After doing many lagers, I feel strongly that the best results come from pitching a HUGE starter at slightly under optimum fermentation temperature. I'll pitch the yeast at 46 degrees into my 48 degree wort and allow the temperature to rise to 50 degrees.
The reason the yeast package says to pitch warm is to compensate for the gross underpitching of the yeast, not to make the best lager!
I don't pitch my ales at 90 degrees and then turn down to 70, and I don't pitch my lagers 20 degrees too warm either. There are several reasons- one is it is hard to "catch" the fermentation at the right time. You want yeast reproduction but not fermentation. Also, there are flavors produced during that reproduction/beginning of fermentation that you don't want in your beer. Another issue is dropping the temperature- it takes a LONG time for fermenting beer to drop 15 degrees! Most of the actual fermentation could be over before you ever get to 50 degrees.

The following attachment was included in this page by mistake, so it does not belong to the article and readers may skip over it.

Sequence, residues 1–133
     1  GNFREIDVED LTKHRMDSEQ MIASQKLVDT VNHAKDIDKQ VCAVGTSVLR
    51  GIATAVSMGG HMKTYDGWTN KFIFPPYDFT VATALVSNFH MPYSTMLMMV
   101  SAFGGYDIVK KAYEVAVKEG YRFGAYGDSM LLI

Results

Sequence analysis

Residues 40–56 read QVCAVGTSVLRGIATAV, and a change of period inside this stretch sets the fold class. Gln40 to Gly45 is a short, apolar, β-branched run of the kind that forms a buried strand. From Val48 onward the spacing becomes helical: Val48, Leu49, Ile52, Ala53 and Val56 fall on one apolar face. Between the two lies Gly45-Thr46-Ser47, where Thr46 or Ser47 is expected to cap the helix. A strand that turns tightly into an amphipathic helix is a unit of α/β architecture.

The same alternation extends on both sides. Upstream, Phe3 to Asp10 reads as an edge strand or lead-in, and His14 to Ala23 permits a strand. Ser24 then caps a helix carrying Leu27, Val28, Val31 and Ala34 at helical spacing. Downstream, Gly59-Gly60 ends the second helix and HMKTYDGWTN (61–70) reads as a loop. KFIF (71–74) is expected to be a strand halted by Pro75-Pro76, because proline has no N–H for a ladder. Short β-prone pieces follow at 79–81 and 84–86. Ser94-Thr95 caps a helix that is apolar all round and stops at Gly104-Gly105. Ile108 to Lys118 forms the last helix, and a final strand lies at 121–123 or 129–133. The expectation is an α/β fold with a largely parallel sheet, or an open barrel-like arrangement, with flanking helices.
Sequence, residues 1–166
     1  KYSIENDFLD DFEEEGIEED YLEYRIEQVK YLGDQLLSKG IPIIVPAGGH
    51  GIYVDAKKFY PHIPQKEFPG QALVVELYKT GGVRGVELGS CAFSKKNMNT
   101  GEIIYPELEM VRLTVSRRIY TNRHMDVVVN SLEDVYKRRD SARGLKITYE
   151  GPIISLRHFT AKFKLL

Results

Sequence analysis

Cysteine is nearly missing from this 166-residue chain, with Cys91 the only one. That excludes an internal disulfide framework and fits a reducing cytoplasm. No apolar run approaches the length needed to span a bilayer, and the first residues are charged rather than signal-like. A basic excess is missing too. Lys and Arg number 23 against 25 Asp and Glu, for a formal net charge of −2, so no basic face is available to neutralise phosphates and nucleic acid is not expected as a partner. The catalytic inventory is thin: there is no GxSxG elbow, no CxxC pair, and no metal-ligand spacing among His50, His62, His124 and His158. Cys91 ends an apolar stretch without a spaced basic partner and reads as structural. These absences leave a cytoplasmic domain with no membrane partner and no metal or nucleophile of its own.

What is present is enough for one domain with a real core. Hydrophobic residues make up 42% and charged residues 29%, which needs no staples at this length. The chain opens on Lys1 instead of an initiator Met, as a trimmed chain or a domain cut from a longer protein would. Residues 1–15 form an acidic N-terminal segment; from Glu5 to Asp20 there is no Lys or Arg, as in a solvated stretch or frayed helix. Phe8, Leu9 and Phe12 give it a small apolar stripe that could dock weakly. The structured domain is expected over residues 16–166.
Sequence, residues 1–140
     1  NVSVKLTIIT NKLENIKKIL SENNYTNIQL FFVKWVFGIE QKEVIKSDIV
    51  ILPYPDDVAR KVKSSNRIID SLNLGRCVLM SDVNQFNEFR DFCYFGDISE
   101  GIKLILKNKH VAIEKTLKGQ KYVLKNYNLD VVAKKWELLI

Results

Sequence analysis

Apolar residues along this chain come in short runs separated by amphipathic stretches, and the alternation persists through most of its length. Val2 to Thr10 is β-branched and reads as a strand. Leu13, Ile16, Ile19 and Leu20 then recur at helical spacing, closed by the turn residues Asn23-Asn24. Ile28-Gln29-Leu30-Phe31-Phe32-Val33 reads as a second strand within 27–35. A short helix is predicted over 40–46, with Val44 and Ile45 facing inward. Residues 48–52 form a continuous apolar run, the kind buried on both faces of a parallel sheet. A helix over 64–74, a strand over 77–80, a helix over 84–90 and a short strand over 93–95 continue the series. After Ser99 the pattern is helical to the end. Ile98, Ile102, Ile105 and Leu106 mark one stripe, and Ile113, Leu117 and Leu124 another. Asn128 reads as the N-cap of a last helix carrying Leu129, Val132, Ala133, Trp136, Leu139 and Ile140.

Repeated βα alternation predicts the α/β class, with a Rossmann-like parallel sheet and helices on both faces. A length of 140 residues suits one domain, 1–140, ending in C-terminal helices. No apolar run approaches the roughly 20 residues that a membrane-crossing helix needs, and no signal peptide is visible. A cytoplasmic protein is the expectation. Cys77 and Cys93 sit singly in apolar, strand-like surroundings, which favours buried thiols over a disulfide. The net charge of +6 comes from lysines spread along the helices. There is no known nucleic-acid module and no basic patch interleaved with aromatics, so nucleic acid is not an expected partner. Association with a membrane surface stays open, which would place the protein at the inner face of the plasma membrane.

The primary fermentation time period usually lasts 10-14 days, and that's at 48-52 degrees usually (depending on yeast strain). After that, the diacetyl rest is done (if doing) and the beer is racked and the lagering process begun.
I like to lager at 34 degrees for one week for each 8-10 points of OG. (That's from George Fix). So, for a 1.060 OG beer, I'll lager 6-8 weeks. I drop the temperature slowly, for diacetyl rest temperatures to 34 degrees, usually 5 degrees per day.